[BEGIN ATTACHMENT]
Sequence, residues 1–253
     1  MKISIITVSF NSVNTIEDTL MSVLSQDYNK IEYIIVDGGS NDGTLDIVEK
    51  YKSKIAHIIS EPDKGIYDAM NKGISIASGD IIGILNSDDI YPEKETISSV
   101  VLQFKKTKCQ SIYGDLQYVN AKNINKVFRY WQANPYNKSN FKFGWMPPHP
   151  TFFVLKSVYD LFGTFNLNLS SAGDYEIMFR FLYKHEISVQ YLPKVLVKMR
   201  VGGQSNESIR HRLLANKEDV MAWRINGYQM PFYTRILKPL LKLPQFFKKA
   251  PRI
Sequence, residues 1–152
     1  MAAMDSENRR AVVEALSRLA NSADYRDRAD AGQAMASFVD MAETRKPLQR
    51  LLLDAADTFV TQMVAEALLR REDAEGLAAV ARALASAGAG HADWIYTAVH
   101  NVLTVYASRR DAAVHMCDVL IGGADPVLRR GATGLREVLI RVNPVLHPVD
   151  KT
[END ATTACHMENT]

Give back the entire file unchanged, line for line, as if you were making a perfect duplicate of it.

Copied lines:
Sequence, residues 1–253
     1  MKISIITVSF NSVNTIEDTL MSVLSQDYNK IEYIIVDGGS NDGTLDIVEK
    51  YKSKIAHIIS EPDKGIYDAM NKGISIASGD IIGILNSDDI YPEKETISSV
   101  VLQFKKTKCQ SIYGDLQYVN AKNINKVFRY WQANPYNKSN FKFGWMPPHP
   151  TFFVLKSVYD LFGTFNLNLS SAGDYEIMFR FLYKHEISVQ YLPKVLVKMR
   201  VGGQSNESIR HRLLANKEDV MAWRINGYQM PFYTRILKPL LKLPQFFKKA
   251  PRI
Sequence, residues 1–152
     1  MAAMDSENRR AVVEALSRLA NSADYRDRAD AGQAMASFVD MAETRKPLQR
    51  LLLDAADTFV TQMVAEALLR REDAEGLAAV ARALASAGAG HADWIYTAVH
   101  NVLTVYASRR DAAVHMCDVL IGGADPVLRR GATGLREVLI RVNPVLHPVD
   151  KT